A couple of weeks ago, I came clean about how much I hate doing boat work. Well, I’ve got another confession to make — I rank taking care of my fishing tackle right above boat work and just below getting a root canal on my list of things I’d rather not be doing. That being said, it’s something that needs to be done on a regular basis and with the rainy weather we had all last weekend, I forced myself to tackle the mess that my garage had become over the last six months of nonstop fishing.
I started the project by making a list of the things that I needed to get done. This served two purposes — the first was that it allowed me to procrastinate for a few precious moments before having to do any actual work and the second is that checking items off my list is always a motivation to get them done. If you’re new to making work lists, I have to warn you that there is a fine balance as to just how much or how little to include on your list. If I write down too many things it can seem overwhelming and having too few can make the list seem like not a big deal and something I can put off until later. I’ve found the list making sweet spot to be around 10 to 12 items.
Several of my projects included ordering parts for repairs to my boat trailer which, like all trailers used in saltwater, seems to be in constant need of service. But that is a frustration that I don’t have the room to discuss in this column and will save for another day. Once the parts were ordered, I moved on to going through my rods and reels.
Every six months I try and go through all of my rods and reels to make sure that they are in proper operating condition. This inspection includes checking rod guides for cracks, looking for any guides that are coming lose, listening for noisy bearings in the reels, checking free spool and testing drags.
If given a passing grade, the rods and reels get put back in the rack, but if there are any problems they get set aside to be serviced.
After going through everything I’d found that I only had two rods that needed repairs, but around 25 of the reels needed some sort of service. So I boxed them up and sent them to Sav-On Tackle in Santa Fe Springs, which is an Abu/Garcia and Shimano warranty center.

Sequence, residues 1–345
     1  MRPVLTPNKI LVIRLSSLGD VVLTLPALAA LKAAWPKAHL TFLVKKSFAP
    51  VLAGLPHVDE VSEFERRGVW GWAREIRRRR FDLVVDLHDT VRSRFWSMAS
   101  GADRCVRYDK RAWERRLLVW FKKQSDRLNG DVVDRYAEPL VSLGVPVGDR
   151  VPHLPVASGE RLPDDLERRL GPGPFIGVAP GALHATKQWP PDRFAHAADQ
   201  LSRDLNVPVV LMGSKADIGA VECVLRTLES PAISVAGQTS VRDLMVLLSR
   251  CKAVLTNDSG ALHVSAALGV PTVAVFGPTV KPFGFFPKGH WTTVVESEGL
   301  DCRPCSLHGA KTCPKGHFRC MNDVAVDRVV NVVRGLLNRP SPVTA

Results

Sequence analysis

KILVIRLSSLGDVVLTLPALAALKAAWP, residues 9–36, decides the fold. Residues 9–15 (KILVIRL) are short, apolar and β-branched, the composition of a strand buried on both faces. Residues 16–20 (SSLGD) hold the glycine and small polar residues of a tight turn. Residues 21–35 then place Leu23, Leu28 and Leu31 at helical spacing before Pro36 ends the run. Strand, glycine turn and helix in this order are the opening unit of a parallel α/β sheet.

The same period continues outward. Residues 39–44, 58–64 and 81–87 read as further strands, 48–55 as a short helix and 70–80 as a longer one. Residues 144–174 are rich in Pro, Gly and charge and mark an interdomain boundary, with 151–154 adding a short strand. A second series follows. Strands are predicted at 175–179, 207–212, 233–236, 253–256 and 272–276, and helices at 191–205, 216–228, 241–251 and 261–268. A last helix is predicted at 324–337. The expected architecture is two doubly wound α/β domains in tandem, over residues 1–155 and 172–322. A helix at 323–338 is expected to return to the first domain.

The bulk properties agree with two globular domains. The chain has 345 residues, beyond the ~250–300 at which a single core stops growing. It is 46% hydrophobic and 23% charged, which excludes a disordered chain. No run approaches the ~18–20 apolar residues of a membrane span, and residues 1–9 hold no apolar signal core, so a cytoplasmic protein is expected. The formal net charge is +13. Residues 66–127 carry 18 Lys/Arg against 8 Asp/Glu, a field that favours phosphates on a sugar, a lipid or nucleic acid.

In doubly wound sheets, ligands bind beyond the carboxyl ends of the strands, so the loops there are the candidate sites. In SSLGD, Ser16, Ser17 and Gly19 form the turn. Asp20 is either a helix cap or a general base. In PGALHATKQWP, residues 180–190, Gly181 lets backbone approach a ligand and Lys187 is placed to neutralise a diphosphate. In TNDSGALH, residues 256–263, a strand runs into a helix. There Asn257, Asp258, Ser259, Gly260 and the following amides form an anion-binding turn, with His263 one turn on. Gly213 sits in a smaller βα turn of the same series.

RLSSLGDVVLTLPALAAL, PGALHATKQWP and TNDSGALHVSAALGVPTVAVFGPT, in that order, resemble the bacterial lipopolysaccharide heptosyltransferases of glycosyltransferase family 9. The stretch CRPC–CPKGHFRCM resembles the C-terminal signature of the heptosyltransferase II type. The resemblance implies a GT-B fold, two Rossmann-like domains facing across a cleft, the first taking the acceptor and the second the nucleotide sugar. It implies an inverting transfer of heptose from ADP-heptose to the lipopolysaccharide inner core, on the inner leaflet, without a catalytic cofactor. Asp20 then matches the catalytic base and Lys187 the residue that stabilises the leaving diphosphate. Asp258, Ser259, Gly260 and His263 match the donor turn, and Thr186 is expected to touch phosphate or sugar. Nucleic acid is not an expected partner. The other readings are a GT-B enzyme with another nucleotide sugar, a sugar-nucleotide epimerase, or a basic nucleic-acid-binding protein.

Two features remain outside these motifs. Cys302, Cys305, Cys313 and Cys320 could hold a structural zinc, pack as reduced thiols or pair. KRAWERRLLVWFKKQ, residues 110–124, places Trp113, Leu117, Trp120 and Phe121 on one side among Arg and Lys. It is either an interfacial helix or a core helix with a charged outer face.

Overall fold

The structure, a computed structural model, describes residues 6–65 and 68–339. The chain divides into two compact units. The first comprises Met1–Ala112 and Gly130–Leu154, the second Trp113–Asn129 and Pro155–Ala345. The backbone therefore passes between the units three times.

If needed, I’ll usually replace the top half of the line on my reels when I get them back from service. Since most of the fishing I do is for fish that don’t take a lot of line, it’s wasteful to replace all of the line on the reel as most of it never gets used. So I’ll simply strip off about half of the spectra and then use a double uni knot to connect the new line before refilling the reel.
This year, I am replacing almost all of my older reels so instead of replacing line on the old ones, I spent a few hours winding line onto the new ones. When replacing a reel, I’ll usually transfer the bottom half of the line from my old reel onto the new one and then fill it with new line. It takes a little bit of extra work to do this, but with the expense of Spectra, I figure I saved a couple hundred dollars in line for the 18 reels I filled.
One of the good things about being a member of BDOutdoors is having access to our classified section on the forums. So, once the old reels were serviced and I’d taken the line off of them, I set them aside to sell.
A good rule of thumb for selling reels quickly on the message board is to take a photo that accurately represents the condition of the reel and then honestly describe the reel and any issues it might have. As far as pricing goes, I always try and list them for around 20 percent less than they are going for on ebay, which usually makes for a quick sale.
With the rods and reels out of the way, I turned my attention to tackle storage. Like most fishermen, I use Plano boxes to store tackle on my boat and at the end of the year I end up with a couple dozen boxes full of assorted lures and lead heads that I stuffed in there before fishing trips. While this is a good way to keep the boat uncluttered, it’s a bad way to store tackle because I’ll lose track of what I have and where I put it.
To get a better handle of my tackle inventory, I mounted a 4-by-8 foot piece of pegboard on my garage wall to store my tackle when I’m not using it. Going into this clean up, there were a few baits that I “knew” I was completely out of, like the Bladerunner Paddle Head — but after unloading the boxes I found that I still had a couple dozen of them. Not everyone has the space for a big piece of peg board in their garage, but it is important to have some sort of organizational system in place that allows you to quickly check what tackle you have as it will save you some last-minute trips to the tackle shop on your way to fish.
Organizing my rod and reel storage was the easiest part of the project. Since my rod horde has outgrown my main storage system, which I built out of 1½-inch PVC pipe, I added a smaller rod rack made by Batson Enterprises which is great for storing rods without reels on them.
I also built a hanging rack to hold my longer jig sticks and the rods that were too big to fit in the other racks.
These are just a few inexpensive and easy solutions to the rod storage problem. You may be able to come up with a better storage idea on your own, but anything is better than having them piled in the corner of your garage.
As much as I loathed getting started on these projects, I found the work to be enjoyable once I got into it and while it may not be as fun as fishing, it’s good to know that my tackle will be in good working order when I get back out on the water.